When I think of the economic situation this country is in, I can't help but to feel like Michael Corleone in "Godfather III" when he says, "Just when I thought I was out...they pull me back in!"
Remember, it was just some months ago when we as a country started to finally see some light at the end of the tunnel after a difficult recession, but now there is the debt ceiling fight and the possibility of what some economists call a "double dip" recession.
Added to all this economic turmoil is the most divided Congress many could historically recall, with both parties collectively deciding to not work together, and instead, jockey for position for what will be an insane 2012 election.
The biggest hostage of this whole process, besides American lives, though, is the public transportation industry, which continues to work without an authorization bill and is very close to seeing its main funding mechanism run out. If Congress can't figure out issues like keeping the country from grave economic harm for us all, it doesn't seem likely that a simple solution for funding a bill is just down the road.
Remember, while Sen. Barbara Boxer (D-CA) and Rep. John L. Mica (R-FL) are hopeful to have their respective bills go through markup sometime in the next two months, there has not been a new funding mechanism found or even mentioned for that matter. This will make it difficult to get a bill done, let alone our worsening financial crisis, which is bound to shrink transportation's piece of the pie.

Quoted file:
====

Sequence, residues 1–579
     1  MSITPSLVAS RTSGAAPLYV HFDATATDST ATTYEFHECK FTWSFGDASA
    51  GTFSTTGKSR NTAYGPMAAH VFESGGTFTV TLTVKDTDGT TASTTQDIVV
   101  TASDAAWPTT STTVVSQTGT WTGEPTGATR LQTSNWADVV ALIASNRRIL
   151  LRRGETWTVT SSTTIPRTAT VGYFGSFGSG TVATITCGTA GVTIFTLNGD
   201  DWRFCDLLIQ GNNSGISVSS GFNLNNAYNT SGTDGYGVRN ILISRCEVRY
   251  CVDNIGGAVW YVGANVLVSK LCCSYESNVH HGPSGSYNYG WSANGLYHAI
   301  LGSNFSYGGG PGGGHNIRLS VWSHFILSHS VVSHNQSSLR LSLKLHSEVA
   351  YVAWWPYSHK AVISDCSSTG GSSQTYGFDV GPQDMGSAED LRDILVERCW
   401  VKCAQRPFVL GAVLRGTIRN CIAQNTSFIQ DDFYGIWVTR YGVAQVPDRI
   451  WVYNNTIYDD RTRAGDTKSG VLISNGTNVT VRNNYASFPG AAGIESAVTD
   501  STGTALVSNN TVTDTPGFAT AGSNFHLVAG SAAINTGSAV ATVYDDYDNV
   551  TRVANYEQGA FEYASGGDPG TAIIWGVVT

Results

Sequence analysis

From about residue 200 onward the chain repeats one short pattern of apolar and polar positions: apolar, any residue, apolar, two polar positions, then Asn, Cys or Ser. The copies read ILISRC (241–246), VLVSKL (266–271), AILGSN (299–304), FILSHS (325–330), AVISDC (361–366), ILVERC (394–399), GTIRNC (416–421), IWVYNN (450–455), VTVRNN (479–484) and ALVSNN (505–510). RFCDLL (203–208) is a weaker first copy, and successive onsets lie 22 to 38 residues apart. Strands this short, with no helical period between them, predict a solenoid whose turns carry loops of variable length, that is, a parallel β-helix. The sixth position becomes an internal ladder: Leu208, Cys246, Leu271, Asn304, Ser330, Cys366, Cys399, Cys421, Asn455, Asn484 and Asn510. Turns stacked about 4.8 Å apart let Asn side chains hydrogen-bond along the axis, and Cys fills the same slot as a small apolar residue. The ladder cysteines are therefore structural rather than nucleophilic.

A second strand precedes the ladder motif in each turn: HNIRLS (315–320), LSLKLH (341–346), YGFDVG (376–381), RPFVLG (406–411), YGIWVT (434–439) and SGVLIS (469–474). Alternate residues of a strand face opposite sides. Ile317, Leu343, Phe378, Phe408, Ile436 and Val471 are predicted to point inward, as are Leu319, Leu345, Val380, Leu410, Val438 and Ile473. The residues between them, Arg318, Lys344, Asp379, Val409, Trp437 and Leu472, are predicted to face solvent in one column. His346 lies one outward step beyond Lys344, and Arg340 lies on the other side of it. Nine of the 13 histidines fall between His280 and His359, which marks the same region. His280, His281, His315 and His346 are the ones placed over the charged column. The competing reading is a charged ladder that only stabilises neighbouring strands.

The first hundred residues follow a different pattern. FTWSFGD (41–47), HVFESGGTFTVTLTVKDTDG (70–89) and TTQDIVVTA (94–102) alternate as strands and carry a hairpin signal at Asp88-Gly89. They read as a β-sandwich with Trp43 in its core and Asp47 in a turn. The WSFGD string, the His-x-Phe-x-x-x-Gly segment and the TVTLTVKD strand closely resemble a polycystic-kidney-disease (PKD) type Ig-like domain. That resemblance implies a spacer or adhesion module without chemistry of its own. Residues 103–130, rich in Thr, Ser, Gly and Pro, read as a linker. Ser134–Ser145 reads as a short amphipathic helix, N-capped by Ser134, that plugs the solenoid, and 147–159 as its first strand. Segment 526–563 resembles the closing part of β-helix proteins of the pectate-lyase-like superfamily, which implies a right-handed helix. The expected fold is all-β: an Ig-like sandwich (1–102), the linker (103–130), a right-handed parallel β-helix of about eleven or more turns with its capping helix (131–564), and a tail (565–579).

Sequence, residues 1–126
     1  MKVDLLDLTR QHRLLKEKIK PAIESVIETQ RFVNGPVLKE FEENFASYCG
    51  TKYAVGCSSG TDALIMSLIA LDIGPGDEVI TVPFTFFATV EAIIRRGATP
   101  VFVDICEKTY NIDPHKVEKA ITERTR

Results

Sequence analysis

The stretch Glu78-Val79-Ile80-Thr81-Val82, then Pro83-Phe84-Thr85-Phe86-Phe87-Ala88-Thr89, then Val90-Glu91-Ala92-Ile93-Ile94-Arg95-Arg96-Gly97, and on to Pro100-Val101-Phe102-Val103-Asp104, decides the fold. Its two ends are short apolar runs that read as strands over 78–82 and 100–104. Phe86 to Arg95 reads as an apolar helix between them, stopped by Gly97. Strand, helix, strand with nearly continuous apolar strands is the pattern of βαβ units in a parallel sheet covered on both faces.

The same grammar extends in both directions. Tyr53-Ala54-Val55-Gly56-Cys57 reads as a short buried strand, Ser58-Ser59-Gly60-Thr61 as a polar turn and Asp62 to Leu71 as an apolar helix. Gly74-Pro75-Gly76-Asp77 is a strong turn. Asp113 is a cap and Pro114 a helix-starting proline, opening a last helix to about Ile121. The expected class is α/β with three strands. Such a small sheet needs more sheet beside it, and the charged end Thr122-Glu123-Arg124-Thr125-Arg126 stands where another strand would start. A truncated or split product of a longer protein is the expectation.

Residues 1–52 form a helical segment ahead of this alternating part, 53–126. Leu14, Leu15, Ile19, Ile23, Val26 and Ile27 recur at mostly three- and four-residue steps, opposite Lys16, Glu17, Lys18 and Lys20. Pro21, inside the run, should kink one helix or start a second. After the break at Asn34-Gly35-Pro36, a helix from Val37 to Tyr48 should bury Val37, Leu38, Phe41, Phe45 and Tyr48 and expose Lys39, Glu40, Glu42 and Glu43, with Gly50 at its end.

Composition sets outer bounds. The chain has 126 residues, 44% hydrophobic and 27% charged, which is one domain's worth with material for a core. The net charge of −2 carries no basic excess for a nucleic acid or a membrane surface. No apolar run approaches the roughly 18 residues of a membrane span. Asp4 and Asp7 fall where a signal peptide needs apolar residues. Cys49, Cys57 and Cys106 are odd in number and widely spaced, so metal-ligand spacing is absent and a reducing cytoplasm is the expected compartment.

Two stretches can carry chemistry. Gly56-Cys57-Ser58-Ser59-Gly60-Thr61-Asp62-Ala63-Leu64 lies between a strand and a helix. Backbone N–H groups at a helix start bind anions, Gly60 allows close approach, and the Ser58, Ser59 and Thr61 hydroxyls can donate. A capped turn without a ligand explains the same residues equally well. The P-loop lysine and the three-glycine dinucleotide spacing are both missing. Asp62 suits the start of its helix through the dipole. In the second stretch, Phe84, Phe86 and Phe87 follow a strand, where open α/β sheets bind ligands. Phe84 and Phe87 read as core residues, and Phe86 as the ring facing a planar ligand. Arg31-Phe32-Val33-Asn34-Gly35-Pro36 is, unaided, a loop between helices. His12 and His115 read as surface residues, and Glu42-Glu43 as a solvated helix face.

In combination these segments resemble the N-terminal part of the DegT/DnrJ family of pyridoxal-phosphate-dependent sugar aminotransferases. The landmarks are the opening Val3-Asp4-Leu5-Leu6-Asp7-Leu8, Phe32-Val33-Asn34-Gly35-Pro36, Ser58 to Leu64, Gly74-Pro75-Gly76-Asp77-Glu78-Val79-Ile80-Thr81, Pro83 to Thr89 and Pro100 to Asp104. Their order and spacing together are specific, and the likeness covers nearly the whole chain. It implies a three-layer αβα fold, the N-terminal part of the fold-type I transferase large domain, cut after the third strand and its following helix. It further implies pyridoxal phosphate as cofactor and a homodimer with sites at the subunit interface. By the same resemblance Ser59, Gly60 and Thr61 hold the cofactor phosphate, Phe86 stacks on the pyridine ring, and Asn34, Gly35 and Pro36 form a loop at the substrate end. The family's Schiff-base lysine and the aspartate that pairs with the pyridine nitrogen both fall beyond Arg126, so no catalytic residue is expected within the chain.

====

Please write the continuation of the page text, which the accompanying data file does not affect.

So I'm wondering, is anybody still hopeful a solution to fund an authorization bill will be reached soon? Or like in "Godfather III," is the whole situation out of whack?
In case you missed it...
Read our METRO blog, "'Car-crazed' L.A. welcoming transit, sustainability" here.
It drives me nuts when people litter. One of my biggest pet peeves is when people throw trash out of their car windows while they’re driving. I’m always tempted to honk my horn when I see drivers slyly ditching cigarette butts through their open window. Listen up, people. We see you!
Agencies that use Twitter to respond to users’ complaints or answer questions get more positive Twitter reaction and more civil discourse online, according to Lisa Schweitzer the author of a recent study analyzing tweets of public transit agencies. “It’s about the marketing potential of social media — a lot of public transit agencies are simply tweeting their problems to the world by blasting out late service announcements. That’s not a good use of Twitter,” she says. “Transit agencies can influence the tone of the discussion by interacting with patrons online,” Schweitzer explains. “It gives people something to respond to, and it reminds people that somebody is listening.”
Usually by early January, I will hopefully have taken down the last of our holiday decorations and eaten or given away the remaining sweets that have become a part of my regular diet during the month of December. Then, of course like most people, I’ll think about ways I want to improve myself for the coming year. Whether it be exercising more (walking from the parking lot to my office doesn’t count), eating less ice cream or managing my email better. The latter practice alone would help improve my efficiency at work immensely. I’m sure you probably feel the same way.
A new National Resources Defense Council (NRDC) study solidifies what the American Public Transportation Association’s (APTA) Transit Savings Report has been telling us for years now: riding public transportation can save users money.
June 20 will mark the 8th annual National Dump the Pump Day sponsored by the American Public Transportation Association, in partnership with the Sierra Club and the Natural Resources Defense Council.